Annual Report of East Hartford Water Department

Annual Report of East Hartford Water Department

The annual report of Superintendent John H. Walsh of the water department of East Hartford, Conn., recently submitted to the commissioners, shows that considerable work was accomplished in spite of the high cost of labor and material, close to 9,500 feet of mains having been installed and 48 old service lines were renewed to the curb line. “We are at present having some trouble,” says the report, “from old service pipes that have been in use for 20 years or more. Where the service is not over 50 feet long, we use the pipe cleaning machine or renew the pipes inside the house. Where we have long runs of service on our main line pipes, we have had several leaks, mostly in the lead joints. Most of the leaks we had on the main highway where there is heavy truck traffic, the jarring of the ground by the trucks causing the lead joints to loosen and start the leak. With the universal joint pipe, we do not have this trouble. I have never had to fix a leak in the universal joints. The only way this pipe will cause any trouble will be a break in the pipe and this has never happened in any of our pipe lines.” The water department now owns approximately 600 acres of land, two dwelling houses, two barns, one wagon shed, one tool house, garage and store house and three gate houses. No revenue is derived from the land or buildings.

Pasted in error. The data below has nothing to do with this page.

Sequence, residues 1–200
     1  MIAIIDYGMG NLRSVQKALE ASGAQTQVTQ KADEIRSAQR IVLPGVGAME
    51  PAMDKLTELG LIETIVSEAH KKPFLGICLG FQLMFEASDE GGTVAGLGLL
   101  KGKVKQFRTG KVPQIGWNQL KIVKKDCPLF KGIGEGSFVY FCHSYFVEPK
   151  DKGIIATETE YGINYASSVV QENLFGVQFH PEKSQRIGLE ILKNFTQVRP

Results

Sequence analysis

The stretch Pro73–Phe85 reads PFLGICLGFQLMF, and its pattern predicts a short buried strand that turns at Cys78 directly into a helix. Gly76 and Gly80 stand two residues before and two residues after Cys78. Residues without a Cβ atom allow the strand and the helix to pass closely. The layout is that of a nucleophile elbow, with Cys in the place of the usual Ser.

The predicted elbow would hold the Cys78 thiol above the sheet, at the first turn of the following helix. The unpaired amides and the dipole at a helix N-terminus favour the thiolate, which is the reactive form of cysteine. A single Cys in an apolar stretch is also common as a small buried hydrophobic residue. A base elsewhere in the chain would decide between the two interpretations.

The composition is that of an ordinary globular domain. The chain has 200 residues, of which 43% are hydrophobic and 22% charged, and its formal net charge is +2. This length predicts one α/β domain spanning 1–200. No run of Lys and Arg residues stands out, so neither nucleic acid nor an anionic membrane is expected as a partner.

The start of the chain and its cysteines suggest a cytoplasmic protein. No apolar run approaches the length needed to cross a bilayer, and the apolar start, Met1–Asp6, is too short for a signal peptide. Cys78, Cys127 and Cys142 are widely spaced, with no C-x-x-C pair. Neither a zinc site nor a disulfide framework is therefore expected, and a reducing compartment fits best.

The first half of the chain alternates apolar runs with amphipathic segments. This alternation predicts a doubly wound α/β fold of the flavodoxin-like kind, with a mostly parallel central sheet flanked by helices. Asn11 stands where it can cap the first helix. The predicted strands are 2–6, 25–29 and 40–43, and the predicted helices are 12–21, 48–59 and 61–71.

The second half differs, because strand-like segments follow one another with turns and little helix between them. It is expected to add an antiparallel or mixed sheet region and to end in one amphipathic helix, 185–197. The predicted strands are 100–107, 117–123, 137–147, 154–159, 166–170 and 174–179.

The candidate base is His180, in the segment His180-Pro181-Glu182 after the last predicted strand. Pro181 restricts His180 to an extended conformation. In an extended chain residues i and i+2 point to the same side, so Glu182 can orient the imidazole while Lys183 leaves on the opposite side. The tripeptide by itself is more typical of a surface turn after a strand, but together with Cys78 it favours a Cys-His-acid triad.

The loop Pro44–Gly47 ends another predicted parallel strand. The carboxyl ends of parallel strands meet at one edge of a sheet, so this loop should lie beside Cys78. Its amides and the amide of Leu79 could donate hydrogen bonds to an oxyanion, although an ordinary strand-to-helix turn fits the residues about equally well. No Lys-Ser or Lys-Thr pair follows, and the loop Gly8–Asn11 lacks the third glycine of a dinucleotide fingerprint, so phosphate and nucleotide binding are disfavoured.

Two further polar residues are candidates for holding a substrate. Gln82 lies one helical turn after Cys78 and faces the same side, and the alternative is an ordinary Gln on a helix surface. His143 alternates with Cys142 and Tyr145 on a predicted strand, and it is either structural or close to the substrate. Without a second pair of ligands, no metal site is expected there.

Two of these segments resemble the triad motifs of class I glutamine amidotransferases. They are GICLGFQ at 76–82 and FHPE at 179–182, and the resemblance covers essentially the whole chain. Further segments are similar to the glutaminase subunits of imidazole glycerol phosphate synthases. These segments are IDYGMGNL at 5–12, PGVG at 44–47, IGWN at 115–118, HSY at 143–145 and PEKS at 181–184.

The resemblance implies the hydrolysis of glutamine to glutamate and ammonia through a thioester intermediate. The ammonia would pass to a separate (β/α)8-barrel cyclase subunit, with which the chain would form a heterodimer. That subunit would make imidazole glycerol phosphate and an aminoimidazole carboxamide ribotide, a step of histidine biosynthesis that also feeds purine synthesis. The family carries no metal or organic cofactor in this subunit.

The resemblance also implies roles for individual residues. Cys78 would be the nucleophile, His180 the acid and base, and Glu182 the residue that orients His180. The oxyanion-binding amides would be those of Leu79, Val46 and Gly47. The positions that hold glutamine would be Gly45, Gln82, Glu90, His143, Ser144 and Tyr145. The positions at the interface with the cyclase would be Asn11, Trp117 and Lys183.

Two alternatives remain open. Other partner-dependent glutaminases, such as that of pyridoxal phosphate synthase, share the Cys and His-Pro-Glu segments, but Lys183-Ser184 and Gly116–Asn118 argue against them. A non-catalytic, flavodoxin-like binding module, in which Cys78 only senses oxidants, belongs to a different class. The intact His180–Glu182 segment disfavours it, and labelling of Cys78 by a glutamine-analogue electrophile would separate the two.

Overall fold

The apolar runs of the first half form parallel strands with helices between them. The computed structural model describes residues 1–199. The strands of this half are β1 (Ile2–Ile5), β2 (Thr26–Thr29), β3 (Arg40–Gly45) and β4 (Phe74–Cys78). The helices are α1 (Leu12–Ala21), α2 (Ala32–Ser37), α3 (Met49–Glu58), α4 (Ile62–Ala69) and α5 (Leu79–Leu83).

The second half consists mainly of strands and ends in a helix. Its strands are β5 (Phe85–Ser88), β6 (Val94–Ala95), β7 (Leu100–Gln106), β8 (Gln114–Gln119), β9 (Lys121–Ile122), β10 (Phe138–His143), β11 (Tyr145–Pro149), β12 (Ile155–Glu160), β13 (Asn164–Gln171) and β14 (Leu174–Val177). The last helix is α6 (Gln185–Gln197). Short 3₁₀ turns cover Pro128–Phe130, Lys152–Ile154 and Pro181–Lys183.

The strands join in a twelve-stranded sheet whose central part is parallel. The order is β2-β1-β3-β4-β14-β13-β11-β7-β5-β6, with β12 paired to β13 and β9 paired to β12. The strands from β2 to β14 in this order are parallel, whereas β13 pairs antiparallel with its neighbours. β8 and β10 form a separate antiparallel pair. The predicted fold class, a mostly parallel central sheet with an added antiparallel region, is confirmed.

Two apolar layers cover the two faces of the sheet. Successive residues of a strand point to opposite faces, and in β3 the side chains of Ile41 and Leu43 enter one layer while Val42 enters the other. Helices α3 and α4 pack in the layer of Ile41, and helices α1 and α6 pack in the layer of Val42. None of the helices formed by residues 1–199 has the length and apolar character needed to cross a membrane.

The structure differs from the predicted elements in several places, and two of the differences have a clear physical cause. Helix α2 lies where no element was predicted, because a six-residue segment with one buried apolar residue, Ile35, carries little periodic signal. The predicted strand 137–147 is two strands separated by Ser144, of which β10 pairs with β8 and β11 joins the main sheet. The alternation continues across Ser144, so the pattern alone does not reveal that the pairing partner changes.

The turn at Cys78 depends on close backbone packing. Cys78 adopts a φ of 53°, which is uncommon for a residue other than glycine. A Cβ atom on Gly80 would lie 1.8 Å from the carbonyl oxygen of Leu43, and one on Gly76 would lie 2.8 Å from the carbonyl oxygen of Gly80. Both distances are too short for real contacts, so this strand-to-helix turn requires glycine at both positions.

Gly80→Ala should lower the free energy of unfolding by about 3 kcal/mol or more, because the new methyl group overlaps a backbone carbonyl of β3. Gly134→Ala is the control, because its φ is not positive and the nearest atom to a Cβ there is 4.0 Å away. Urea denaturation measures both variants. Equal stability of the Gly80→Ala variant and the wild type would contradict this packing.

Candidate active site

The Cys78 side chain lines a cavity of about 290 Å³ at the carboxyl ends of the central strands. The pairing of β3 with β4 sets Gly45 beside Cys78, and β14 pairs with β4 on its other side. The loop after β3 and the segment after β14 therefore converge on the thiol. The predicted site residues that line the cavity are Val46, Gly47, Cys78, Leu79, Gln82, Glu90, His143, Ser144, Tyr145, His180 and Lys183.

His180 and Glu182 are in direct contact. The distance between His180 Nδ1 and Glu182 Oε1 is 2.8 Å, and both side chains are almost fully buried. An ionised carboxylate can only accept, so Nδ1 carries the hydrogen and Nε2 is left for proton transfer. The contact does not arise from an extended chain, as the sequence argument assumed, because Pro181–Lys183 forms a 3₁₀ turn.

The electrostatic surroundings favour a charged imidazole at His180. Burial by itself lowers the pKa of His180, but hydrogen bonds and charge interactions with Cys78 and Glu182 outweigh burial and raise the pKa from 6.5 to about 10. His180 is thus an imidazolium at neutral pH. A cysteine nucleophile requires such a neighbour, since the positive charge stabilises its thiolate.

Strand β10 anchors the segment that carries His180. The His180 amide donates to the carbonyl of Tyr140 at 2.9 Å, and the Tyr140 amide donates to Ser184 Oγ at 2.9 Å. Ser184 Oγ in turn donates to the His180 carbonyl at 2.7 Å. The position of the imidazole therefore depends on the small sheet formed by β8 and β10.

There are 391,615 feet of main lines, 59,000 feet of service pipes serving 2,016 service connections; 8,000 feet of the new pipe lines constructed during the past year were laid outside the borough limits. Several petitions for new extensions have been applied for but on account of the new supply that is under construction by the Beaver Construction company, the board decided no extensions would be made except those absolutely necessary. Some of the water pipe fittings have trebled in cost. The largest extension that has been constructed during the past year was on Laurel Park heights. This extension was 4,710 feet long, the size of the pipe used was four-inch and sixinch, the cost totaled $7,330. Thirteen service connections were made last November and at present five more houses are ready to connect to the street mains.

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